Last week, the National Federation of the Blind (NFB) and the American Council of the Blind (ACB) filed a lawsuit against Arizona State University to prevent the university from issuing Kindle DX devices for the textbook pilot. The lawsuit says that the Kindle DX device features text-to-speech technology to read books aloud but the menus do not work in the same way so blind students will not be able to select a book and activate the feature. A blind student from ASU has been named as a plaintiff in the action and the NFB and ACB have also asked the U.S. Departments of Education and Justice to investigate the other universities involved in the pilot – Case Western Reserve University, the Darden School of Business at the University of Virginia, Pace University, Princeton University, and Reed College.
In an article from Inside Higher Ed, Chris Danielson, director of public relations for the National Federation of the Blind says that the software to make the menus accessible to the blind does exist but it has not been added to the Kindle DX . If the universities adopt the Kindle DX devices as is, they are violating the Americans With Disabilities Act and the Rehabilitation Act of 1973.
Virgil Renzulli, a spokesman for Arizona State commented that they are “committed to equal access for all students” and the university’s disability resource center will provide “the necessary tools so that all students with disabilities have an equal opportunity to be successful in their academic pursuits.” Amazon has not commented on the lawsuit.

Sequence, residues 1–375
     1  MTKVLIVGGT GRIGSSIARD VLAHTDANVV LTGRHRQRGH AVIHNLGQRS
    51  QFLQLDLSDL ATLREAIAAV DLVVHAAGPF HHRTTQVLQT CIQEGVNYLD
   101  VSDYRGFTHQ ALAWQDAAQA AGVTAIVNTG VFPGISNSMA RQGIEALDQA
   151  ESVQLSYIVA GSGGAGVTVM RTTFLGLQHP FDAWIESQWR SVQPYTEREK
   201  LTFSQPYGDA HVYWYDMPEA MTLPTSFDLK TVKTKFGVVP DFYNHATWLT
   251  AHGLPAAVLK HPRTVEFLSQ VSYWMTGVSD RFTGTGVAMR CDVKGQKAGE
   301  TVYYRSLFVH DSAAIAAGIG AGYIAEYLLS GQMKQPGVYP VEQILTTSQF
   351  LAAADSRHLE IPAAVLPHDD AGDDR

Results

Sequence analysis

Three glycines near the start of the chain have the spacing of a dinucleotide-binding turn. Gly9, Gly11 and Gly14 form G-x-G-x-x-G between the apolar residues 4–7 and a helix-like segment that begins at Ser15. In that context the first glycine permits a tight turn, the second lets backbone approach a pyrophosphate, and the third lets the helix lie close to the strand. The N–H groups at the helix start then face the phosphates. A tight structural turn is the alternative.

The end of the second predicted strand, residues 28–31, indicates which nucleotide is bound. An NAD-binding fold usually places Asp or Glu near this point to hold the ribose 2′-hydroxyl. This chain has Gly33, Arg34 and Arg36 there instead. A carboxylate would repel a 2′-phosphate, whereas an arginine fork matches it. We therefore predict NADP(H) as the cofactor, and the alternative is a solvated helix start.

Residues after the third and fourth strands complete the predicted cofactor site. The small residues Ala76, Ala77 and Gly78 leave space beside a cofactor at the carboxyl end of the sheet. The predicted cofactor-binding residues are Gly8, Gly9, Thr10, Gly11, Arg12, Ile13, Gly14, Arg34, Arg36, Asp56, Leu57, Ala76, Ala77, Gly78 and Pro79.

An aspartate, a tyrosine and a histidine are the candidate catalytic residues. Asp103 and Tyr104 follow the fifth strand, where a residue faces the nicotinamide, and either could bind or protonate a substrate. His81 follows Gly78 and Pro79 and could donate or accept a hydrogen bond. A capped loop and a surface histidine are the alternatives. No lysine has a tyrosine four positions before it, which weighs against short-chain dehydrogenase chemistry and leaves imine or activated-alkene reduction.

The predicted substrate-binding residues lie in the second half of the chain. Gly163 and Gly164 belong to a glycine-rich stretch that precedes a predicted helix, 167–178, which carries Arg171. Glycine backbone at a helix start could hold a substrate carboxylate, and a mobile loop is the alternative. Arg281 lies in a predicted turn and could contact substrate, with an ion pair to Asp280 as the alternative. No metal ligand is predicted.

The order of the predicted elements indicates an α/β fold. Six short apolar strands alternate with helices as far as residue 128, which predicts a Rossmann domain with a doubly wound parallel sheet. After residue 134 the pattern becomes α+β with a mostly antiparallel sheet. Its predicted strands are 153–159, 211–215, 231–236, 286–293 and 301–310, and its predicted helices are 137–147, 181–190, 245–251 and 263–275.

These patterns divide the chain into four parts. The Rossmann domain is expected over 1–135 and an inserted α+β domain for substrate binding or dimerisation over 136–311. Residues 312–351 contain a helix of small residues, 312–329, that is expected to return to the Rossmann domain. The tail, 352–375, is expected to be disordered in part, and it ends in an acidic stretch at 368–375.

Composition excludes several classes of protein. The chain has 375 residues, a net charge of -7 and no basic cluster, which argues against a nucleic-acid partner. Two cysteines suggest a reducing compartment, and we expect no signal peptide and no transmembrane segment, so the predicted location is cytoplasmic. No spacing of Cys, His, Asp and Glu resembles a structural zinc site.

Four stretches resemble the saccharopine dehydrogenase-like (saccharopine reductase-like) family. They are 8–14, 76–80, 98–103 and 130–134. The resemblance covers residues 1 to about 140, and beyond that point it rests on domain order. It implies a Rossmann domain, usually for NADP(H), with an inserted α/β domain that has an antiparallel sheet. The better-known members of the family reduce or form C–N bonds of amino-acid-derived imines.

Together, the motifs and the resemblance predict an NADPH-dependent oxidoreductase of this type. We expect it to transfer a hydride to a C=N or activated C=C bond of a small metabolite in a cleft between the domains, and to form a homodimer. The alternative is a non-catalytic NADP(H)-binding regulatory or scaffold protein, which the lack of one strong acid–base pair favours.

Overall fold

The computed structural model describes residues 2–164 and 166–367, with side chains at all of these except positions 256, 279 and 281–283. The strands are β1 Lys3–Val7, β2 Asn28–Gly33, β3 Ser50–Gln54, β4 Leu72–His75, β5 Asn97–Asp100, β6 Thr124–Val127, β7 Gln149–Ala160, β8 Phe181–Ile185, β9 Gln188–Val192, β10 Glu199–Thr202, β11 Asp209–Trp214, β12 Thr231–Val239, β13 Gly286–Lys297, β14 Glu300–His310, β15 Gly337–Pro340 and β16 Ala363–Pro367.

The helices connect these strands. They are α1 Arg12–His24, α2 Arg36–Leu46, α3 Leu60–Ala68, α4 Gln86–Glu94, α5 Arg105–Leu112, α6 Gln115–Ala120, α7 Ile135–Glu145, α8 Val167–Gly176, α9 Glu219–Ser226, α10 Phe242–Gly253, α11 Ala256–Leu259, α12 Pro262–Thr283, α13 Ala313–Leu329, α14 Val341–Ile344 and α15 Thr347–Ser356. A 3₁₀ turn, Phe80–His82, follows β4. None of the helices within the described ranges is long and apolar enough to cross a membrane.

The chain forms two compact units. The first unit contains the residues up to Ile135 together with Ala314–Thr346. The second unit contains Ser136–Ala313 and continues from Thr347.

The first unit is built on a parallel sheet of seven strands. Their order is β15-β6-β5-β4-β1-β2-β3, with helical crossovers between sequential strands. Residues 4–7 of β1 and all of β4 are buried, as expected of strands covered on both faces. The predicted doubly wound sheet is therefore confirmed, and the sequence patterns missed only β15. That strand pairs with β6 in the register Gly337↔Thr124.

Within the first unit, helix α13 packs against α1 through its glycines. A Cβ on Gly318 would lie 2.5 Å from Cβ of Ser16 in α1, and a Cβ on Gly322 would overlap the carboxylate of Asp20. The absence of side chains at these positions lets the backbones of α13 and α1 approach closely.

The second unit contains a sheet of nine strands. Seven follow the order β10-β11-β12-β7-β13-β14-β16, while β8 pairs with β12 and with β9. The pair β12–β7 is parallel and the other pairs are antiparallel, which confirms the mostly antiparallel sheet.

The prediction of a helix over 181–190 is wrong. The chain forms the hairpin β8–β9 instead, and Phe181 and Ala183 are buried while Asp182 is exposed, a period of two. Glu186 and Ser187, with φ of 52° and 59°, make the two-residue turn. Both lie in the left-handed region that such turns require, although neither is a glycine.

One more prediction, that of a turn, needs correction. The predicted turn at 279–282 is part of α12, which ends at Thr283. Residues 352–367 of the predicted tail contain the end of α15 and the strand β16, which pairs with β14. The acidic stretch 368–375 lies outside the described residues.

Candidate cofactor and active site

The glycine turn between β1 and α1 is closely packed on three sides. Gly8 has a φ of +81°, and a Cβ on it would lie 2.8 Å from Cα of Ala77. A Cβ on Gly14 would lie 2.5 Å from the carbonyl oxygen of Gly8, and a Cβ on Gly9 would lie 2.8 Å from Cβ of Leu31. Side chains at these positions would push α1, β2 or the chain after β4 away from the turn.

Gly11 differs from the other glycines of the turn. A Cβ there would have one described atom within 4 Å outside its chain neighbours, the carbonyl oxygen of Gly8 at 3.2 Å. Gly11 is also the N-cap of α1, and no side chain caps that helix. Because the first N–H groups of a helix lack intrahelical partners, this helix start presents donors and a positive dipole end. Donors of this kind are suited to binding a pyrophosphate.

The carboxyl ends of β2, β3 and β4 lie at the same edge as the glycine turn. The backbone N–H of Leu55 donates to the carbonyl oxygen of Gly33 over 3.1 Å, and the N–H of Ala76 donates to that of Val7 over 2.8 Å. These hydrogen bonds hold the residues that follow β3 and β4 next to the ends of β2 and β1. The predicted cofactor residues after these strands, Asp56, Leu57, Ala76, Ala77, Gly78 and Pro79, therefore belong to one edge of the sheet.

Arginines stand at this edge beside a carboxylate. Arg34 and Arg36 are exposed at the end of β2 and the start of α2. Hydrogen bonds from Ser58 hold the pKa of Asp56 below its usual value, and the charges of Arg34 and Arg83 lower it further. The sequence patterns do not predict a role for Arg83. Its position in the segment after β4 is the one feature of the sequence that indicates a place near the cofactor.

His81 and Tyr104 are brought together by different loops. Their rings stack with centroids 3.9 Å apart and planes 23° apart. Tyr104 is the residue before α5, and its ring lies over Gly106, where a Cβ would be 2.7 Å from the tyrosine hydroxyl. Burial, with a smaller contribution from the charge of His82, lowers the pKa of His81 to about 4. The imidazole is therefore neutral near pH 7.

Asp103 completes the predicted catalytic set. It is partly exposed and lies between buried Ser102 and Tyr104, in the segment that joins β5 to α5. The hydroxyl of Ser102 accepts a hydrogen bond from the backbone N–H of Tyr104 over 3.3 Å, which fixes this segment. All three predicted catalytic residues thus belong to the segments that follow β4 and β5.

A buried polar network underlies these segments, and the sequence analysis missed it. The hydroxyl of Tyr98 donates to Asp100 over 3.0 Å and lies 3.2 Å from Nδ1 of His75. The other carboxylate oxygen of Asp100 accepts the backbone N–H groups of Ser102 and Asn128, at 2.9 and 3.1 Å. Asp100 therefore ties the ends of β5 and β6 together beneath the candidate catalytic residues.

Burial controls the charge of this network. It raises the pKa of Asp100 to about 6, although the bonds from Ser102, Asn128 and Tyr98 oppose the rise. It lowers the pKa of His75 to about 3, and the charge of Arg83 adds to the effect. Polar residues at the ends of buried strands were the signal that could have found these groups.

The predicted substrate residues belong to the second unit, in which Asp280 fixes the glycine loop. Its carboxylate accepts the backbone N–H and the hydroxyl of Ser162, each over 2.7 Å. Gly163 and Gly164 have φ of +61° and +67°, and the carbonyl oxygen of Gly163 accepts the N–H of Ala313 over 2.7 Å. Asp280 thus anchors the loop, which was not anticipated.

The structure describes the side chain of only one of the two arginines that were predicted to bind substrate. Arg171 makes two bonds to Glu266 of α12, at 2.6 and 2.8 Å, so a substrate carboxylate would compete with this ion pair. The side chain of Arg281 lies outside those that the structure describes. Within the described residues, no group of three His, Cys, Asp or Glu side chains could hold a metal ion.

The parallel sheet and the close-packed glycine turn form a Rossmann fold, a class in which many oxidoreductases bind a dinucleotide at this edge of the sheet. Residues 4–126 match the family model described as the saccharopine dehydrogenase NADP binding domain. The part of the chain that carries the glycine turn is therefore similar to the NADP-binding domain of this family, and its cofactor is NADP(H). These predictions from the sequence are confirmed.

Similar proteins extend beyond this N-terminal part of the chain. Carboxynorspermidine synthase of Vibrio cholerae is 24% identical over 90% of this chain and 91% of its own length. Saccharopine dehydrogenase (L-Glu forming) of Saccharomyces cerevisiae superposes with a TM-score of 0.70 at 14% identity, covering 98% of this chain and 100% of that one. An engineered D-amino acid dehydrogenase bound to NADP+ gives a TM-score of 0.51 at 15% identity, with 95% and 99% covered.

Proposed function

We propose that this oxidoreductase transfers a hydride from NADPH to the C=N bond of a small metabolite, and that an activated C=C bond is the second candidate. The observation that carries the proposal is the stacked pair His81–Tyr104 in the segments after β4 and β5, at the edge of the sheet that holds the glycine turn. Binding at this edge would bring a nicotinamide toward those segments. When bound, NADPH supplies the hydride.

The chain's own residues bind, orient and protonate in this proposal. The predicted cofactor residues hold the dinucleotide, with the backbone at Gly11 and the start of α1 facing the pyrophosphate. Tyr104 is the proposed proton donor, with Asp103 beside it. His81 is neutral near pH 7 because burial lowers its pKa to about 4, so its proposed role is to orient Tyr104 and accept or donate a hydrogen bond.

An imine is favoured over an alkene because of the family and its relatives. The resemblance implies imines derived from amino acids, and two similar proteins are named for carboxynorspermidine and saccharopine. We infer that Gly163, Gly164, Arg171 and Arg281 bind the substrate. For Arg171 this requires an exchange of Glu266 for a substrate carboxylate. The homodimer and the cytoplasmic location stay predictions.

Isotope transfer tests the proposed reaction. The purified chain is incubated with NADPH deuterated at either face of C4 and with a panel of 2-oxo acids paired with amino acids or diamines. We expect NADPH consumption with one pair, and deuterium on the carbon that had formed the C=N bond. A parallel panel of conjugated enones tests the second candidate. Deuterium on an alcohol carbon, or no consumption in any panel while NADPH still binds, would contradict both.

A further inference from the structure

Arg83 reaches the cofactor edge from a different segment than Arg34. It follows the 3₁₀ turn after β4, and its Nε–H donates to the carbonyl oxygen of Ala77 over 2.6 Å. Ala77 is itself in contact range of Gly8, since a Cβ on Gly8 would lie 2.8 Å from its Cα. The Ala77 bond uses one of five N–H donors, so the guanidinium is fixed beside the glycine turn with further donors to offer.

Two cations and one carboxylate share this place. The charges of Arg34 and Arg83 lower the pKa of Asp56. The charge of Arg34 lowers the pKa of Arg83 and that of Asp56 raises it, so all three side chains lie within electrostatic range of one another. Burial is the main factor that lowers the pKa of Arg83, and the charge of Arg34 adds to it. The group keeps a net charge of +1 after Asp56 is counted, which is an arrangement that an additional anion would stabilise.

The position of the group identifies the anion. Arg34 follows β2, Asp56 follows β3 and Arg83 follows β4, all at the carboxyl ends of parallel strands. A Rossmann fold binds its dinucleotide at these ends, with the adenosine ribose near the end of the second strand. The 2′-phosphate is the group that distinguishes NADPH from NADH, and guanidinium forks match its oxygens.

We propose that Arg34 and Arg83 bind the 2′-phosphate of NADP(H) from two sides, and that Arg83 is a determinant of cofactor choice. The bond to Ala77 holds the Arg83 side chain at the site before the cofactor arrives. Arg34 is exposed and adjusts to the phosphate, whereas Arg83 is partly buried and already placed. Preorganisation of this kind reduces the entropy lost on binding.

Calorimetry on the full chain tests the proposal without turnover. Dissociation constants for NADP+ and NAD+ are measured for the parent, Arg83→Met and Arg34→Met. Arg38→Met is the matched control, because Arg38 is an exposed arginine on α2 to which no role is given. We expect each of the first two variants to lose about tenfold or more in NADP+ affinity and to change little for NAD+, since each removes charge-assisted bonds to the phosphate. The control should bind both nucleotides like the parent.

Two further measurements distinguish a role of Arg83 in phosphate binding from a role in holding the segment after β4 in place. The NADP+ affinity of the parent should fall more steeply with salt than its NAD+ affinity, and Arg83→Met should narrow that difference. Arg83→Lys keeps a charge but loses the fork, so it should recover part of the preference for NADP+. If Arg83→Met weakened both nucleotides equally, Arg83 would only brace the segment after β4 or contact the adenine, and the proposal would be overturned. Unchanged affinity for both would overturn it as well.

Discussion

Welcome to The CITE -- a blog on Course materials, Innovation, and Technology in Education, created by Mark Nelson and now part of the Publications Department of the National Association of College Stores. CITE is a pun with multiple meanings - referring to cite as in citation, something people reference; site as in location, website, or place people go to; and sight as in foresight or looking ahead to what is coming. Comments, discussion, feedback and ideas are welcome.